Why a flattening yield curve could be a big blow for the sector
Thursday 04 Apr 2019 Author: Russ Mould

It may not have gone negative yet but the yield curve – as measured by the difference in the yield available on 10-year and two-year government bonds – is as at its lowest level since 2007 in the US, 2008 in the UK and 2016 in Germany.

Whether the yield curve is forecasting an economic slowdown or recession (accurately or not) or whether it is simply anticipating a fresh round of interest rate cuts and quantitative easing from nervous central banks remains open to debate.

But one thing does seem certain and that is banking stocks do not like what they are seeing from the yield curve.

Banking shares are doing badly not just in the UK but the US and Europe as well – and if there’s one sector that investors would like to know is in good health after their experiences of 2007-2009 it is the banks, so this is a trend that needs to be watched.


The yield curve measures the difference between different maturities of government debt, with the gap between two-year and 10-year paper a common benchmark.

In theory, the yield on the 10-year should always be higher. This is simply because more things can go wrong in the life of a 10-year bond than in a two-year one. Investors will demand a higher yield as compensation for the higher risks, which, in the case of fixed-income, come in the form of default, interest rate movements and inflation.

But sometimes the gap between the 10-year and two-year government bond yields can narrow. This is often (though not always) because the yield on the 10-year falls quickly as markets price in an economic slowdown or recession. Central banks’ usual response is to cut interest rates in an attempt to boost the economy.

At the moment, the yield on 10-year Government Gilts in the UK, Treasuries in the US and Bunds in Germany is falling faster than the 2-year yield, to flatten the yield curve.

As a result, banking shares are starting to struggle on the UK, American and European stock exchanges.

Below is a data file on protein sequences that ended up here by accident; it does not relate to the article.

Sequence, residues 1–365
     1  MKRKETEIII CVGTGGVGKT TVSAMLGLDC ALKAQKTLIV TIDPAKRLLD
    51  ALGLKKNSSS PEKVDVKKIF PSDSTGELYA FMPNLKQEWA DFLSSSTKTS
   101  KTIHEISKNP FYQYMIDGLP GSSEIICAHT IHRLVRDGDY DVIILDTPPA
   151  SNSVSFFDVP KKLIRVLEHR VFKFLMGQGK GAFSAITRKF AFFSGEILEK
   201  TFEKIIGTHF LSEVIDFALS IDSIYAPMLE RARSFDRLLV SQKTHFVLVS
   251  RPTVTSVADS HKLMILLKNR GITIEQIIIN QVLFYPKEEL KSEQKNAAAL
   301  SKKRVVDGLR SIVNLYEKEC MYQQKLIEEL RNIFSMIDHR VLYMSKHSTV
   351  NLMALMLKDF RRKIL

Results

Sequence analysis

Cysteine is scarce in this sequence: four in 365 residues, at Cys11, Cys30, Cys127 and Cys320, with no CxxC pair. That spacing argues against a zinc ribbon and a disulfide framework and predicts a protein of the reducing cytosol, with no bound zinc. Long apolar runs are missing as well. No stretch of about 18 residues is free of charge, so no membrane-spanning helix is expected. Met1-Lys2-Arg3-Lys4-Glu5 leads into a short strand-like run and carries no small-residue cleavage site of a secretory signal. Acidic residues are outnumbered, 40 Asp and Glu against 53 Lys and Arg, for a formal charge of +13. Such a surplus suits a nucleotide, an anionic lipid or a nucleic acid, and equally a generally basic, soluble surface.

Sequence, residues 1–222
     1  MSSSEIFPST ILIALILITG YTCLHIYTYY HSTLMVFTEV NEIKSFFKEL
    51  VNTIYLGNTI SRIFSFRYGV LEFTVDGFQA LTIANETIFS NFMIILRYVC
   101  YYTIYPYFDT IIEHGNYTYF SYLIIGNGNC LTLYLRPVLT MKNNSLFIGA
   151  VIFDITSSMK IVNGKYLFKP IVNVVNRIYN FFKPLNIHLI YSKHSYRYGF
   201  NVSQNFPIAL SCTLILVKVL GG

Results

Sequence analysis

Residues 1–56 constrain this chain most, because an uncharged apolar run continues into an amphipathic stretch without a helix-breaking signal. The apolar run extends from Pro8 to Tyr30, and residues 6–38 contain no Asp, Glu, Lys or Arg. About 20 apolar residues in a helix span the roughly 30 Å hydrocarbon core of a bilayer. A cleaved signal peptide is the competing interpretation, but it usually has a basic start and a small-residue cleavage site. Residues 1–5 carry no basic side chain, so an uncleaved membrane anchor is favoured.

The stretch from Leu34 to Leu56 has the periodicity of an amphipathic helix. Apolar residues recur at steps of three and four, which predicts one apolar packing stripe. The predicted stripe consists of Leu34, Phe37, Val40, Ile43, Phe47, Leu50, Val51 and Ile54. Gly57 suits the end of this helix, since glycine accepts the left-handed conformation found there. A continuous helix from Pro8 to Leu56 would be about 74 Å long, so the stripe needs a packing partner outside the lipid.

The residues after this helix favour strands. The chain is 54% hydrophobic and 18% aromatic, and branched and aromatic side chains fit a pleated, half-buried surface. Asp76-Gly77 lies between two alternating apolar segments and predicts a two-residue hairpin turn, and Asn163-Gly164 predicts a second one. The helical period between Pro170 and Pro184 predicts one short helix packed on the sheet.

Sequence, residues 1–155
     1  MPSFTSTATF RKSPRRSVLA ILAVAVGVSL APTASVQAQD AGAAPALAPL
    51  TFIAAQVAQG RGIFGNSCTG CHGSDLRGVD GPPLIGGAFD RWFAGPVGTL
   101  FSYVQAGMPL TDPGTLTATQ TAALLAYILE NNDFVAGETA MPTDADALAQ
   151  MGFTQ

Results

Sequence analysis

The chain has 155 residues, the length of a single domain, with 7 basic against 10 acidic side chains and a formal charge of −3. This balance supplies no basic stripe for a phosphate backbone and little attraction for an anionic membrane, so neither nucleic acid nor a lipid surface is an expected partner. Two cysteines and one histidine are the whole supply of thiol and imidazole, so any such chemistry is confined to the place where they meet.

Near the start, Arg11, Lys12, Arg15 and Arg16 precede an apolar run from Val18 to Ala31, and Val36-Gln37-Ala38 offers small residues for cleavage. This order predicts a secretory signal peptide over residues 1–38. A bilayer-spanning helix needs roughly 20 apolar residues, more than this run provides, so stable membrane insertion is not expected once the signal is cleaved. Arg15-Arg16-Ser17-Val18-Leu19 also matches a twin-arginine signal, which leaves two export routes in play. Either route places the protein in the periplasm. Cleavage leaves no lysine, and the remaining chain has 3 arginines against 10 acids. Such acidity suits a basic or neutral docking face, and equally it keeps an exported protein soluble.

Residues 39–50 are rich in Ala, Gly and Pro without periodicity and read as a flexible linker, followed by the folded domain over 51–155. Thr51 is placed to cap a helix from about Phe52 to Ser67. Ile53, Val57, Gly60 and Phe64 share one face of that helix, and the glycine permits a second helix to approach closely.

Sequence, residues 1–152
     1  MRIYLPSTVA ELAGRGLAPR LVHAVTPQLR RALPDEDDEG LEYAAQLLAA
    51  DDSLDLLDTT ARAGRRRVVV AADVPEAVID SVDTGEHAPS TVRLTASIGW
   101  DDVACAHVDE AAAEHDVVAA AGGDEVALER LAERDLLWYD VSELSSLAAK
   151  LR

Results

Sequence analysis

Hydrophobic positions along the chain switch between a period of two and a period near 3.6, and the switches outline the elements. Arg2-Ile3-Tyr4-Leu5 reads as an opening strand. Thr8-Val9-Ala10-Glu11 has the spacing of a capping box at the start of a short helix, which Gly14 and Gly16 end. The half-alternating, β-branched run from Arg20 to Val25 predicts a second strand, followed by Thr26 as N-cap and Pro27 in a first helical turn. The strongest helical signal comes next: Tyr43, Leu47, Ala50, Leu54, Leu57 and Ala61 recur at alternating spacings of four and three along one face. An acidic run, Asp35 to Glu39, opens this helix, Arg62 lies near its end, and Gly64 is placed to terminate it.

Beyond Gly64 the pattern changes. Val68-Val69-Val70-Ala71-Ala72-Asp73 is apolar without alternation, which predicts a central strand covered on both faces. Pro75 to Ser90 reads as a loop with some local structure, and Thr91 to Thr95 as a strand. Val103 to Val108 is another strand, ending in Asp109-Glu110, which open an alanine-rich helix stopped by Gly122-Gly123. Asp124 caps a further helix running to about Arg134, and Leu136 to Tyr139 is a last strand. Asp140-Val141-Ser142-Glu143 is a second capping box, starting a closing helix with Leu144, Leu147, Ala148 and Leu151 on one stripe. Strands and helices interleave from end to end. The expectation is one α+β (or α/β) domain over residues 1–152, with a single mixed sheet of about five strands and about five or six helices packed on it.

The thinking behind this is that a flattening yield curve damages banks’ earnings power.

Banks tend to raise funds by borrowing in the short-term and lending over the long-term, in what it known as maturity transformation. The idea is that this enables them to borrow at a lower interest rate and lend money at a higher one, pocketing the difference as their profit – this is called their net interest margin.


The problem now is that a flattening yield curve will be weighing on net interest margins. That will leave the banks relying on fees from any wealth management or private banking operations that they might have, or trading commissions and advisory fees from an investment bank, if they are brave and well capitalised enough to own one.

We can already see how the net interest margins at the UK’s Big Five banks have started to come under pressure, or least stop expanding, and one key test of April’s first-quarter results will be the trend here.

Downgrades to net interest margin expectations could well feed into cuts to earnings estimates and no matter how cheap a stock may look on book value, dividend yield or earnings it is generally pretty hard for it to perform, at least in the short-term, if profit forecast momentum is negative.

This does not have to mean the end of the equity bull market. But it is an unwelcome complication, especially for the UK, where banks are expected to make big contributions to profit and dividend growth in 2019 and beyond. It is also a potential warning to central banks that unorthodox policies can have unintended consequences.

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